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John Morris Clark

Died: January 20, 1979

J. Morris Clark rose from a modest background in Ephrata, Pennsylvania to some of the highest rungs of the legal profession before dying suddenly of a heart attack while jogging on January 20, 1979. Before Yale he attended the Stony Brook School, becoming class valedictorian and winning the school’s most hallowed athletic trophy as a linebacker in football. He was also co-editor of the yearbook, and one of the two in his class elected Most Likely to Succeed.

After Stony Brook, he spent a year in Britain as an English-Speaking Union exchange student at that excellent school, Winchester. He impressed the English with his work on student publications. He entered Yale in his sophomore year, a member of Calhoun College majoring in history, the arts and letters. He was elected to Phi Beta Kappa and graduated magna cum laude. He confided to a friend that he still had an itch to “sow some wild oats,” but that urge quickly passed as he married Nancy and entered Harvard Law School.

Morris thrived in that famously demanding and competitive law school. He became articles editor of the Harvard Law Review and formed friendships with some outstanding people. They occasionally pulled all-nighters together to get out the Review. Morris and Nancy lived in a house a little north of the law school. She would make tuna fish sandwiches, with curry powder, for his lunch.

Like most students of his generation, Morris opposed the Vietnam War. He and Nancy became Quakers and pacifists. “I ain’t got nothing against no Viet Cong,” he wrote to a Yale classmate, quoting Muhammad Ali. He also said he had no ambitions to become rich, because rich people have to worry about their families’ being kidnapped.

He spent a year as a law clerk to Judge Sterry R. Waterman, a federal appellate judge in Vermont, then worked for Vermont Legal Aid. He moved to Minnesota to join the faculty of the University of Minnesota Law School. A friend remembers that “his love of the law and teaching, his modesty and gentleness, quickly earned him the affection of his students and the admiration and respect of his colleagues.” He chaired an Education Policy Committee, and formulated the first experimental concentration in the field of public law. In his pinched and undistinguished handwriting, he contributed to legal learning and eventually became a tenured full professor. His heart attack cut short a still young and promising life.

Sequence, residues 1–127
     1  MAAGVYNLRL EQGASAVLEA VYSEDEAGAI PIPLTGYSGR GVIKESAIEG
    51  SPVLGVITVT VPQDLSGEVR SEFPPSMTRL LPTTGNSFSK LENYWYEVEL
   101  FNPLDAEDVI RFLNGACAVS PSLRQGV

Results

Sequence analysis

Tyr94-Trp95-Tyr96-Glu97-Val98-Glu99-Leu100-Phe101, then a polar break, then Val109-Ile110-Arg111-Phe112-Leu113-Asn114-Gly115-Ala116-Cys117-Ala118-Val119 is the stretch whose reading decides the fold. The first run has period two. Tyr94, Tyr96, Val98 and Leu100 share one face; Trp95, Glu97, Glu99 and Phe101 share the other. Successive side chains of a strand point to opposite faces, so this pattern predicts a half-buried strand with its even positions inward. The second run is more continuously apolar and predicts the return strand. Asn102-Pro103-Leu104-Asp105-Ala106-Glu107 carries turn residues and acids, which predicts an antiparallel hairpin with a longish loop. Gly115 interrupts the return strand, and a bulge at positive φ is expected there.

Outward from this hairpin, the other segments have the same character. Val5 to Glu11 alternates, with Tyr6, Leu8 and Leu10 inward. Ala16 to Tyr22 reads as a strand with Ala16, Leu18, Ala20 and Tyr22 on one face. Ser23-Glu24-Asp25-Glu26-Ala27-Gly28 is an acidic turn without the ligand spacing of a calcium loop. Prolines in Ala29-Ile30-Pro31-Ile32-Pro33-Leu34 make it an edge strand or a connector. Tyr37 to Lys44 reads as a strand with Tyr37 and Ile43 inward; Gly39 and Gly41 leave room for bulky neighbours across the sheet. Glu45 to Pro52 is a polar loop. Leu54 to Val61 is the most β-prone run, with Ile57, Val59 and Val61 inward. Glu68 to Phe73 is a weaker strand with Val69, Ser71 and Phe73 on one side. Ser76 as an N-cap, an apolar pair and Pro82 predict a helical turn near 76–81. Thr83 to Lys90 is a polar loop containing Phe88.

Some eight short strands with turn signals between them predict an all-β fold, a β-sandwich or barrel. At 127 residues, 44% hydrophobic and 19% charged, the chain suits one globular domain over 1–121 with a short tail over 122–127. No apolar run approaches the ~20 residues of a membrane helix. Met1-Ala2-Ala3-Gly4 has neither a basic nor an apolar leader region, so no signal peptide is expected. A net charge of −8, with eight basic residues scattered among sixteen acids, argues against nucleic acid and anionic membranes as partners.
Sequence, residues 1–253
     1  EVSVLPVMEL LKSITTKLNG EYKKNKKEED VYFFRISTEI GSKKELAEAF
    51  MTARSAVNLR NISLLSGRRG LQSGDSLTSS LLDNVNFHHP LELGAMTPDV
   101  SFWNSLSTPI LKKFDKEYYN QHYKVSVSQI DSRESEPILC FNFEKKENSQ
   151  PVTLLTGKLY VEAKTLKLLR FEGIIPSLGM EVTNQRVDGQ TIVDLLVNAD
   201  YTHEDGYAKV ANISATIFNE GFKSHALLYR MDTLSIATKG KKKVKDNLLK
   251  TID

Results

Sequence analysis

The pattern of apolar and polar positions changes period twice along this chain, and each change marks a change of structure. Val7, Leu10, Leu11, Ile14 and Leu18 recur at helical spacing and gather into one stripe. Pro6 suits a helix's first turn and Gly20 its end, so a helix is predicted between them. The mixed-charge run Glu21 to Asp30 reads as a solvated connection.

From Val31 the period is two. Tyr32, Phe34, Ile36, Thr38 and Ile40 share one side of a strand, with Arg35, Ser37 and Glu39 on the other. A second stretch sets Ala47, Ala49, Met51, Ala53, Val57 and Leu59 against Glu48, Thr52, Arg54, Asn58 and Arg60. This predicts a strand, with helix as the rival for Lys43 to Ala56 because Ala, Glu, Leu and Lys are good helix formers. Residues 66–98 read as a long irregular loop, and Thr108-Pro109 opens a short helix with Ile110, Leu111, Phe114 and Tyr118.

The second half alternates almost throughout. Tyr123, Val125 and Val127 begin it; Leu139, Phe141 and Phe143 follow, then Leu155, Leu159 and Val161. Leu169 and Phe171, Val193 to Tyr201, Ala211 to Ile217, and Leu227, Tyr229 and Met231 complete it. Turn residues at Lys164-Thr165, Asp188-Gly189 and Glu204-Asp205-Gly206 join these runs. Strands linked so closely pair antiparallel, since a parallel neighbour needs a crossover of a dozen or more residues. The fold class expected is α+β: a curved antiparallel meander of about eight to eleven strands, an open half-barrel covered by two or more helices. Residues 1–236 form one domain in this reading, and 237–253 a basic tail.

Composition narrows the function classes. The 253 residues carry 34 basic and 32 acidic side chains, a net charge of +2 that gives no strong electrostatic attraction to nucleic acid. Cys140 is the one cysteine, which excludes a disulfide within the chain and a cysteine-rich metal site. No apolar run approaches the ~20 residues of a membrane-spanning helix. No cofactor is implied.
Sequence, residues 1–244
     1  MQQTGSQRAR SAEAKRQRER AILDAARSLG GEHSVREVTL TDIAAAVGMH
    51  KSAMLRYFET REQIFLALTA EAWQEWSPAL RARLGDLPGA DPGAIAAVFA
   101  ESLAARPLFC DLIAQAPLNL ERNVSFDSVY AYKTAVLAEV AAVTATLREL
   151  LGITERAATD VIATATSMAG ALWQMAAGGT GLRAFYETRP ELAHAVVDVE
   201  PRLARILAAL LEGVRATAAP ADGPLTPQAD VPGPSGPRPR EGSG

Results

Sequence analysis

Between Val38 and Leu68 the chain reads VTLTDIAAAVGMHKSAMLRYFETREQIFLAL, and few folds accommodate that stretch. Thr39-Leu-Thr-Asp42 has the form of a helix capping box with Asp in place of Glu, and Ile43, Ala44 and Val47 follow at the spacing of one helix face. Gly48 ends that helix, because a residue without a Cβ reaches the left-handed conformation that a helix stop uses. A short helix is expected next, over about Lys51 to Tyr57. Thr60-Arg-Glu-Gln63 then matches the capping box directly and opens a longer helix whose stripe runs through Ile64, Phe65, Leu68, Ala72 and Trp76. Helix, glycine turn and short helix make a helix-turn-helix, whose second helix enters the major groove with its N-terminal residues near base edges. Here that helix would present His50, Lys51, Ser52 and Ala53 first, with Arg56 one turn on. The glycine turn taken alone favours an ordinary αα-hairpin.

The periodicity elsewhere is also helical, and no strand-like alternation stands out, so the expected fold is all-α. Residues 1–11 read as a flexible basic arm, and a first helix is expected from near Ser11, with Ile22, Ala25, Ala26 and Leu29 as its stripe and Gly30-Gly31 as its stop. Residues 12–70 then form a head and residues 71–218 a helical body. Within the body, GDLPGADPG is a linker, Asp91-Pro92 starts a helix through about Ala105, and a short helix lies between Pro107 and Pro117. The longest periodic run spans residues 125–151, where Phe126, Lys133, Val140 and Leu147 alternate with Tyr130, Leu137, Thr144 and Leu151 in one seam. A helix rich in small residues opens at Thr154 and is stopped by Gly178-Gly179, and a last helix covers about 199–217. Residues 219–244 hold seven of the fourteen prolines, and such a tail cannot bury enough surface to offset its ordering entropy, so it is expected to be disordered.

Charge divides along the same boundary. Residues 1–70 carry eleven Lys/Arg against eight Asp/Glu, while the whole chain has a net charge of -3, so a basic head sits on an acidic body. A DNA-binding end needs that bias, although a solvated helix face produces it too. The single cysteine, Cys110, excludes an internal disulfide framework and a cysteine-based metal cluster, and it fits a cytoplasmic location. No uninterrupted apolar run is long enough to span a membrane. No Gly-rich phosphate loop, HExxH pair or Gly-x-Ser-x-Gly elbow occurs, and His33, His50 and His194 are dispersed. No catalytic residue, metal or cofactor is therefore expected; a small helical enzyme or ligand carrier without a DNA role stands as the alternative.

Victor Chen remembers:
Morris was both a serious student — Phi Beta Kappa and all that — and a fun-loving Yalie. I remember his bachelor party in Westport, Connecticut, when his friends hired a lady artiste to perform, and Morris got to remove a certain undergarment of hers with his teeth. Morris got the most out of everything he became involved with.

Thomas Vargish remembers:
Remembrance: John Morris Clark (Morris) b. May 12, 1944; d. January 20, 1979. Yale 1963-66, Calhoun College, B.A. History of Arts and Letters, Phi Beta Kappa.

After graduating from Yale Morris attended Harvard Law School 1966-69 and was selected for the Harvard Law Review, where he served as Note Editor and then Article Editor. Following law school, he clerked for Judge Sperry Waterman of the U.S. 2nd Circuit Court of Appeals for a year. He refused entry into the military in 1970 because of his conscientious objection to war and instead did alternative service with Vermont Legal Aid for four years, rising to the position of assistant director. In 1974 he joined the faculty of the University of Minnesota Law School, where he taught courses in constitutional law and legal ethics. Many of his publications focused on first amendment rights. He died suddenly and unexpectedly of a probable cardiac event in 1979. He had been in the process of co-authoring a casebook on legal ethics and professional responsibility for students and practitioners; published posthumously, Modern Legal Ethics has been used extensively as the primary resource for those studying this field. He was survived by his spouse, Nancy Griffin (m. 1966), and two children, Joshua (an author and global consultant for web and mobile app design now living in New York City) and Andrea (program coordinator and archaeologist for the Jekyll Island Museum now living in Brunswick, Georgia).

While Morris’ life was cut short, he maintained his integrity by accepting alternative service rather than participate in war at odds with his religious beliefs and spent the time committed to helping the under-served of Vermont address their legal concerns. At the University of Minnesota, he founded a chapter of the Christian Legal Society and provided a leading voice in this national non-profit organization that connects doing law with ministry. At the time of his death, he was chairman of the U of MN Law School’s Educational Policy Committee, working on implementing programs of concentration as a way to reform the curriculum. He saw the need for innovation and formulated the first experimental concentration program in the field of public law. His career in teaching the law was on the ascendancy when he died so unexpectedly.

Those of you who knew Morris will recall that he was a bright, witty man who was a good friend to many of our classmates during our time together at Yale. Finally, on a more personal note, Kate and I owe Nancy and him a debt of gratitude for introducing us at their wedding in 1966. We continue to miss him.